Can You Tell By Looking At Someone If They Have HIV/AIDS?
Thank you for your contribution to HIV disclosure to sex partners.
When recently asked “Can you tell by looking at someone if they have HIV/AIDS, our immediate response was NO. We were referring to the average person on the street or someone you want to have sex with who could be newly diagnosed, undiagnosed or someone who is fortunate enough to be on the new regimen of medication which does not have serious physical side effects.
After promptly responding – NO – a girl in the group responded with YES, you can tell if someone has HIV/AIDS. She went on to describe lipodystrophy side effects including skinny arms, butt, legs, a protruding belly and concave cheeks. She explained her familiarity with this look from experience in working with people living with HIV, many of them long term survivors.
So, what do we do with this information as described by the well informed girl.? On HIV dating sites people use it to screen potential partners by mentioning in their profile how they are in excellent health, with an undetectable viral load, good physical shape, no signs of HIV/AIDS, while posting pictures of themselves in various states of undress to reinforce the message that they do not have the “HIV/AIDS look”.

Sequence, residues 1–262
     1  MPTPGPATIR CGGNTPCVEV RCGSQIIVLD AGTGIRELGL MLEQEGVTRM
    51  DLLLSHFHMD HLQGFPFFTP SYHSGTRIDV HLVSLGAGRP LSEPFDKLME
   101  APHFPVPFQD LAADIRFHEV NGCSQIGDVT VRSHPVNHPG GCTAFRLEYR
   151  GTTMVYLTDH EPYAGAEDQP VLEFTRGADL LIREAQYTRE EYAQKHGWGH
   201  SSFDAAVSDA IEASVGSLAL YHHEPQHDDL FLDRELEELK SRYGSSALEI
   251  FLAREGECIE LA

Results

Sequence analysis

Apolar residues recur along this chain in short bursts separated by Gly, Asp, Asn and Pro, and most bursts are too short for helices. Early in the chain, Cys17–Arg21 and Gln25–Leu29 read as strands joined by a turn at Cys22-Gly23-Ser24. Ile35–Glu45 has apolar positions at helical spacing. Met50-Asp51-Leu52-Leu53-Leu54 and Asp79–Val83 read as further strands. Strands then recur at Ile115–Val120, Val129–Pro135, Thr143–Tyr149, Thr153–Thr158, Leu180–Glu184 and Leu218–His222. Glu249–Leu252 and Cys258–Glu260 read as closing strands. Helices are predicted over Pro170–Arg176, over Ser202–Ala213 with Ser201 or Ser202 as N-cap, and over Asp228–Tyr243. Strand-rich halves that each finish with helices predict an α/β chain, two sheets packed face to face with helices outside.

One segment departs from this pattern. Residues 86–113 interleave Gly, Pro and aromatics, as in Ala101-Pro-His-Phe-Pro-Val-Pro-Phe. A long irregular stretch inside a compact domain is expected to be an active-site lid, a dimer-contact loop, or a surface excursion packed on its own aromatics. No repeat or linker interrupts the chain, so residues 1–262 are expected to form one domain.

Is this a form of discrimination within the community of people living with HIV that feeds the harsher discrimination and stigma of the general population? Does this give people permission and encouragement to state “ He/she looks like they have HIV/AIDS”? Are we now stigmatizing the long term survivors who courageously offered themselves as guinea pigs on drug trials in the early days of the epidemic in the search for medication to treat the virus? Have they become a marginalized group within an already marginalized group? Should we not be showing more gratitude for the willingness to ingest experimental medications so that the next generation of people living with HIV could have access to treatment which includes the luxury of one pill a day?
Yes, sometimes you can tell by looking at someone whether or not they have HIV/AIDS, but it came at a cost and sacrifice that should not be met with stigma and discrimination by anyone, regardless of their HIV status. We should think twice when we say “That person looks like they have HIV/AIDS”.